mithridatic


Also found in: Medical.

mith·ri·da·tism

 (mĭth′rĭ-dā′tĭz′əm)
n.
Tolerance or immunity to a poison acquired by taking gradually larger doses of it.

[After Mithridates VIwho is said to have acquired tolerance for poison.]

mith′ri·dat′ic (-dăt′ĭk) adj.
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References in periodicals archive ?
In later years, Magnesia supported the Romans in the Second Mithridatic War.
Pompeii or Pro Lege Manilia, an important speech because it marked CiceroAEs transformation into a politician and helped to lead Rome into the Third Mithridatic War.
Neglect of the Roman navy, roughly between the end of the Third Macedonian War (167 BC) and the First Mithridatic War (88-85 BC), led in the Late Republic to reliance, especially in the East, on ad hoc levies of ships and sailors from maritime peoples although placed under Roman officers.
Instead of indulging in this form of "ail," which will land one in literal and figurative "muck," one should "face" the "ill" by a Mithridatic training for it.
Syria became a Roman Province in 64 BC courtesy of Pompey the Great, following the third Mithridatic war.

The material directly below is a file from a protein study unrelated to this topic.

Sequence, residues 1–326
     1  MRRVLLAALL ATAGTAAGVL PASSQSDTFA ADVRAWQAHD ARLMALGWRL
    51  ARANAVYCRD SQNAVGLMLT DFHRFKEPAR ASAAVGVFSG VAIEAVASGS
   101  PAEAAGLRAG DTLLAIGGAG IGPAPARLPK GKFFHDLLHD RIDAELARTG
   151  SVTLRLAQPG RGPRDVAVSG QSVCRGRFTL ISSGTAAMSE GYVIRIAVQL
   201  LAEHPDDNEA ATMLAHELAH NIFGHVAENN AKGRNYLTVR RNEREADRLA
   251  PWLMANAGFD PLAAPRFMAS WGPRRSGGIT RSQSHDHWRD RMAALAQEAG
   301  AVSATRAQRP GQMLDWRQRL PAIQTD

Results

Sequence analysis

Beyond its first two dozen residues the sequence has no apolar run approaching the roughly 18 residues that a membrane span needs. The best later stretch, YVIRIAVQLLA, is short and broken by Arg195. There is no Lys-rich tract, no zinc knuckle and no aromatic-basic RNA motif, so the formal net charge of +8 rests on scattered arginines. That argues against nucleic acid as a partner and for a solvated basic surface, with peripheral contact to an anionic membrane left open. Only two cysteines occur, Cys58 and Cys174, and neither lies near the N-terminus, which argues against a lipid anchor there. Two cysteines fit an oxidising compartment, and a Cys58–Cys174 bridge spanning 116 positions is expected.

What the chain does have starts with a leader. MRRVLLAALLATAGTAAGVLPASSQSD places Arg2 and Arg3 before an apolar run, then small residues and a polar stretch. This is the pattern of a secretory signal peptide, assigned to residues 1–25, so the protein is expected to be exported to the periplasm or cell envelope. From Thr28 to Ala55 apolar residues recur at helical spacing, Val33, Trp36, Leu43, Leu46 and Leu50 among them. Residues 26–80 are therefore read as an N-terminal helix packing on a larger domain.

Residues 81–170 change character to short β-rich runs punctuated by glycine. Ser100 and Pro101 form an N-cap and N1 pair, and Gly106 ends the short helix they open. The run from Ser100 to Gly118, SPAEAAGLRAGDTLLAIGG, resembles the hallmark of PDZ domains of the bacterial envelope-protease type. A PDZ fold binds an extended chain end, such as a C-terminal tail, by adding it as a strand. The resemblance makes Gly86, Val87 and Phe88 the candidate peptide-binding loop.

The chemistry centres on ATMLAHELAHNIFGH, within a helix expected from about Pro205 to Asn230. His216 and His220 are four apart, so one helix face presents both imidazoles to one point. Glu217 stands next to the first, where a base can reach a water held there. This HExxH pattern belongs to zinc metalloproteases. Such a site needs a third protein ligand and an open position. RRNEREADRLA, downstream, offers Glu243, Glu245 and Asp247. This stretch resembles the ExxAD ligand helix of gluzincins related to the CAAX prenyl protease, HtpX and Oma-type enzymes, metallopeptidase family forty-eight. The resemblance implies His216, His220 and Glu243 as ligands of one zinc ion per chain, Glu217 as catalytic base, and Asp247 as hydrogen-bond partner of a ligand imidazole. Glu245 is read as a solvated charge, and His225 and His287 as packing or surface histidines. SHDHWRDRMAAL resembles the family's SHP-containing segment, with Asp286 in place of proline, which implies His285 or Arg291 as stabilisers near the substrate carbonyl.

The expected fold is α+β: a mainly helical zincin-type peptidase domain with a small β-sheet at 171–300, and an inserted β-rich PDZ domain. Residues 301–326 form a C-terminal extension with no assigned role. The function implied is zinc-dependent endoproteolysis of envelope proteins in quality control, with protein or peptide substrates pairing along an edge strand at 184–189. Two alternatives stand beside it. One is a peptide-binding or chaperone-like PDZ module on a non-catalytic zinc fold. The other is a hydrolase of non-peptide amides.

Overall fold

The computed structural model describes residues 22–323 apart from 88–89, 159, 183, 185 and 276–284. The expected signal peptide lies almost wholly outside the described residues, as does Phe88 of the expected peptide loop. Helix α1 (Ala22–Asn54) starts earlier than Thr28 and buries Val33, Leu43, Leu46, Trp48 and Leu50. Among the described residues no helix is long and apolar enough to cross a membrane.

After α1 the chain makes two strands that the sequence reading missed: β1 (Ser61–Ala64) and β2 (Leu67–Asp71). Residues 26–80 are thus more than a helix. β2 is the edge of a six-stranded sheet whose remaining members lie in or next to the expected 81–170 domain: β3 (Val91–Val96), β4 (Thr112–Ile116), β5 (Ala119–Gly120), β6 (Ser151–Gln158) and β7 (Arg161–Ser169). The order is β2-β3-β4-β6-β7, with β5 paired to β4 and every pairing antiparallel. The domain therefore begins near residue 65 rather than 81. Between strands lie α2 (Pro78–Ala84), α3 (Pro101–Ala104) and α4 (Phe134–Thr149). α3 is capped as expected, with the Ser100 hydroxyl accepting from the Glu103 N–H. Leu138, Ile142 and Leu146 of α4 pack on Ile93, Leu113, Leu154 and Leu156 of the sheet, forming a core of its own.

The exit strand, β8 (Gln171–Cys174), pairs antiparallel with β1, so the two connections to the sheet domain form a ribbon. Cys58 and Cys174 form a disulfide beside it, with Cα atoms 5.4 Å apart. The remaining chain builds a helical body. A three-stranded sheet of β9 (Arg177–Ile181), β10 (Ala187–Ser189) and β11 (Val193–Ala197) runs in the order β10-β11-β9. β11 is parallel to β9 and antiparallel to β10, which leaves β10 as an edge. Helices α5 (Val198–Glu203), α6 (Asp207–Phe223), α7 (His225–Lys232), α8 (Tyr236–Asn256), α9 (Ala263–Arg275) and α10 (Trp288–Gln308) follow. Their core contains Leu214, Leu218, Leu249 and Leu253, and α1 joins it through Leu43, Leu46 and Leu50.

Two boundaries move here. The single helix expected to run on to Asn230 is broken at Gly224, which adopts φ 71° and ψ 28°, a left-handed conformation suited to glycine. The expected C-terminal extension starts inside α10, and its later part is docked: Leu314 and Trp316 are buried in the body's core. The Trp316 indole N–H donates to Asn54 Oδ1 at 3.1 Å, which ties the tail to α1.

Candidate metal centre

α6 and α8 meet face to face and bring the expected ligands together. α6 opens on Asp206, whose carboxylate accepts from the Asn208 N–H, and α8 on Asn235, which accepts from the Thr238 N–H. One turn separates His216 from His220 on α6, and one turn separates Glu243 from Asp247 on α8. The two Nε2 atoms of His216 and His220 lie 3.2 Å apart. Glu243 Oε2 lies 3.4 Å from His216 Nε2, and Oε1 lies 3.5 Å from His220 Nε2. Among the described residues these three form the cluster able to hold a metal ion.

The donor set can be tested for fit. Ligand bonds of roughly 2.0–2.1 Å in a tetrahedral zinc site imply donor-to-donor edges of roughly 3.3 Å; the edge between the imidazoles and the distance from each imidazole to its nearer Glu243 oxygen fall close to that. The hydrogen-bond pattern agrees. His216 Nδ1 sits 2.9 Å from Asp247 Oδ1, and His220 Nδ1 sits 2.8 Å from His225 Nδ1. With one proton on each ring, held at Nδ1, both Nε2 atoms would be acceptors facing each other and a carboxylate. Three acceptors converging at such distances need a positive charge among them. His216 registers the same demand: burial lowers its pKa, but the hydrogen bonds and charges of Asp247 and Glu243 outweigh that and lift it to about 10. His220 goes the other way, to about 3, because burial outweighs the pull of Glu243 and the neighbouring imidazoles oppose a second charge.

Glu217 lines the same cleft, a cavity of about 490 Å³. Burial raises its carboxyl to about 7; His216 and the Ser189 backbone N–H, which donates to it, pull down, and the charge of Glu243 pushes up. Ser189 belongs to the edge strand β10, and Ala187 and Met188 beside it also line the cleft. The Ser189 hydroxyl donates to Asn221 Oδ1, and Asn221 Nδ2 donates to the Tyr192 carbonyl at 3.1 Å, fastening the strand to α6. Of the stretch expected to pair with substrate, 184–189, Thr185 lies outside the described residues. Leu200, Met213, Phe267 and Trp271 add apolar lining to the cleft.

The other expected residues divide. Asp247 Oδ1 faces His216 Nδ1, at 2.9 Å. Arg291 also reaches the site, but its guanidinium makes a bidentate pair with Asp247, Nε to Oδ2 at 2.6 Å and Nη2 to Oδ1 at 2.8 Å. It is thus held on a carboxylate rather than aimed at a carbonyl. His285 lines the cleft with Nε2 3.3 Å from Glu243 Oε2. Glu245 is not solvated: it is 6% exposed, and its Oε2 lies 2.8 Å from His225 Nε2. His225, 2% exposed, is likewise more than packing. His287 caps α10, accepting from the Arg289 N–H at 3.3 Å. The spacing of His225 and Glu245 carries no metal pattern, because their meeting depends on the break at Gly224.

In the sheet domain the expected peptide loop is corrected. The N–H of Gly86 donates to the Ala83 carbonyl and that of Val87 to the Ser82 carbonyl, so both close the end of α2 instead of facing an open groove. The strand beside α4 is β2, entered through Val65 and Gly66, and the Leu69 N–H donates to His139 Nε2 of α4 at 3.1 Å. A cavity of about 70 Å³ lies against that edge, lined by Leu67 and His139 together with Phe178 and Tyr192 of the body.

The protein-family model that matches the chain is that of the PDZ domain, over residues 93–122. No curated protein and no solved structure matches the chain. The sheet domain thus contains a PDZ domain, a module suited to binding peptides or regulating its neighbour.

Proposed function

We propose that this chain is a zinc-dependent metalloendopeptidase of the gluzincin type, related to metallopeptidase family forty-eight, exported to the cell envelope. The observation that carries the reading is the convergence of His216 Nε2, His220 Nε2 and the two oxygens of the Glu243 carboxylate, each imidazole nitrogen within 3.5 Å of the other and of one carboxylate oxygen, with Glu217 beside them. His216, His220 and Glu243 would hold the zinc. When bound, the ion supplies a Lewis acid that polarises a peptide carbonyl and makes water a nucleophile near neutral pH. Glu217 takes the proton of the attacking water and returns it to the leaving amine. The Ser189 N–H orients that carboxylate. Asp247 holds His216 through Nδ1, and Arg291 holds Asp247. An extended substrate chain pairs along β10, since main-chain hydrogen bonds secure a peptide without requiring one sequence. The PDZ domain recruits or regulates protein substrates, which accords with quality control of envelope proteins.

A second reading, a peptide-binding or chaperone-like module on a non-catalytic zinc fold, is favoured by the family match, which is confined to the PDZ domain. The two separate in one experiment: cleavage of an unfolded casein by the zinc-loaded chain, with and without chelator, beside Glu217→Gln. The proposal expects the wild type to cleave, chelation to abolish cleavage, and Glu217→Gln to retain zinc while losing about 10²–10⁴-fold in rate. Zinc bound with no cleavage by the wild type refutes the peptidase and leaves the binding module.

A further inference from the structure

15) After discussing this war, but before describing Marius' flight, Plutarch highlights once more the still unfulfilled ambitions of Marius: he spends his days hoping to be awarded the Mithridatic command, and he practices in the Campus Martius with the younger soldiers, primarily evoking scorn from onlookers (and Plutarch) for his discontent and need for glory (34.
Artifacts under study include Athenian, Hellenistic, Aegean and Rhodian amphora and those from Sinope and Thasos, Mithridatic coins, a monumental building at Panskoe I and a royal grave.
19) In "Freud and Literature," Trilling elaborates an idea "suggested by Freud's theory of the traumatic neurosis--what might be called the mithridatic function, by which tragedy is used as the homeopathic administration of pain to inure ourselves to the greater pain which life will force upon us" (LI 56).
11] According to Lionel Trilling, it is the Mithridatic principle which accounts for the persistence of tragic drama in our culture, for tragedy, he suggests, is 'the homeopathic administration of pain to inure ourselves to the greater pain which life will force upon us'.
The most striking example of Roman intervention in the affairs of mainland Greece between the Achaean and Mithridatic Wars is provided by an inscription now in the Fitzwilliam Museum, Cambridge.